About 1530, the year in which his wife died, a change in Titian’s manner becomes apparent. The vivacity of former years gave way to a more restrained and meditative art. He now began to use related rather than contrasting colours in juxtaposition, yellows and pale shades rather than the strong blues and reds of his previous work. In composition too he became less adventurous and used schemes which, compared with some of his earlier works, appear almost archaic. Thus his large Presentation of the Virgin (Accademia, Venice, 1534-38) makes use of the relief-like frieze composition dear to the quattrocento. During the 1530s Titian’s fame spread throughout Europe. In 1530 he first met the emperor Charles V (in Bologna, where he was crowned in that year) and in 1533 he painted a famous portrait of him (Prado) based on a portrait by the Austrian Seisenegger. Charles was so pleased with it that he appointed Titian court painter and elevated him to the rank of Count Palatine and Knight of the Golden Spur – an unprecedented honour for a painter. At the same time his works were increasingly sought after by Italian princes, as with the celebrated Venus of Urbino (Uffizi, Florence, c. 1538), named after its owner, Guidobaldo, Duke of Camerino, who later became Duke of Urbino. The pose is based on Giorgione’s Sleeping Venus (Gemäldegalerie, Dresden), but Titian substitutes a direct sensual appeal for Giorgione’s idyllic remoteness.

    Early in the 1540s Titian came under the influence of central and north Italian Mannerism, and in 1545-46 he made his first and only journey to Rome. There he was deeply impressed not only by modern works such as Michelangelo’s Last Judgment, but also by the remains of antiquity. His own paintings during this visit aroused much interest, his Danae (Museo di Capodimonte, Naples) being praised for its handling and colour and (according to Vasari) criticized for its inexact drawing by Michelangelo. Titian also painted in Rome the famous portrait of Pope Paul III and his Nephews (Museo di Capodimonte). The decade closed with further imperial commissions. In 1548 the emperor summoned Titian to Augsburg, where he painted both a formal equestrian portrait (Charles V at the Battle of Muhlberg, Prado) and a more intimate one showing him seated in an armchair (Alte Pinakothek, Munich).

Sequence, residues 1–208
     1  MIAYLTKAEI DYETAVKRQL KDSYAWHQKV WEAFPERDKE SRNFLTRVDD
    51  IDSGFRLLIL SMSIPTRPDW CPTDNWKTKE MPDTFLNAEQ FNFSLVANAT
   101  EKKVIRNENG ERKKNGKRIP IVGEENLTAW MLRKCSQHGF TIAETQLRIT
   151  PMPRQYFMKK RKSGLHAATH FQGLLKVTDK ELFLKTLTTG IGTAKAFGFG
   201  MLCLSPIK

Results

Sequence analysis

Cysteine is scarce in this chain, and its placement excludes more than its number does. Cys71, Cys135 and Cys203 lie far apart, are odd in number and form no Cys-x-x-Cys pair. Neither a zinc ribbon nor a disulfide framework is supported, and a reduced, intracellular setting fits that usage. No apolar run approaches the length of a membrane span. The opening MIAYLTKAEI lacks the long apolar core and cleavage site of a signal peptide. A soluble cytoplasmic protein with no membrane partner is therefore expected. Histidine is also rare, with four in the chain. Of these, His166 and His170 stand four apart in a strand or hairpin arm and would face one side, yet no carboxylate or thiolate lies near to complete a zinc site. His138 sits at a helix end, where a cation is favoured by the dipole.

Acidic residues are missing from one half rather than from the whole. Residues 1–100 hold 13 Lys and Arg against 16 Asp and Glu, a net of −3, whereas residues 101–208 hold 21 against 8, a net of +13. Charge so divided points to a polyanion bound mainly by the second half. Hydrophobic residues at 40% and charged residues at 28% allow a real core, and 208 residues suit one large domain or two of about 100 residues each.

He travelled to Augsburg again in 1550 and this time painted portraits of Charles’s son, the future Philip II of Spain, who was to be the greatest patron of his later career. Titian’s work for Philip included a series of seven erotic mythological subjects (c. 1550 – c. 1562): Danae and Venus and Adonis (Prado), Perseus and Andromeda (Wallace Collection, London), The Rape of Europa (Gardner Museum, Boston), Diana and Actaeon and Diana and Callisto (National Gallery of Scotland), and The Death of Actaeon (National Gallery, London). Titian referred to these pictures as ‘poesie’, and they are indeed highly poetic visions of distant worlds, quite different from the sensual realities of his earlier mythological paintings.

    Titian ran a busy studio, his assistants including his brother Francesco Vecellio (c. 1490-1559/60), his son Orazio, and his cousin Cesare. Of these only Francesco seems to have had any individual substance as a painter, but his oeuvre is not well defined. During the last twenty years of his life Titian’s personal works, as opposed to those produced under his supervision and with his intervention, showed an increasing looseness in the handling and a sensitive merging of subdued colours, so that outlines disappear and the forms become more immaterial. With this went a growing emphasis on intimate pathos rather than external drama. About 1550-55 he had painted a powerful Martyrdom of St Lawrence (Gesuiti, Venice), which had affinities with Mannerism in the types and movements of the figures. In 1564-67 he repeated the picture (Escorial, Madrid), but now the light, which played a dramatic part in the first version, became the chief feature, creating and dissolving forms.

    His interest in new pictorial conceptions waned but his powers remained undimmed until the end, his career closing with the awe-inspiring Pietŕ (Accademia, Venice, 1573-76), intended for his own tomb and finished after his death by Palma Giovane.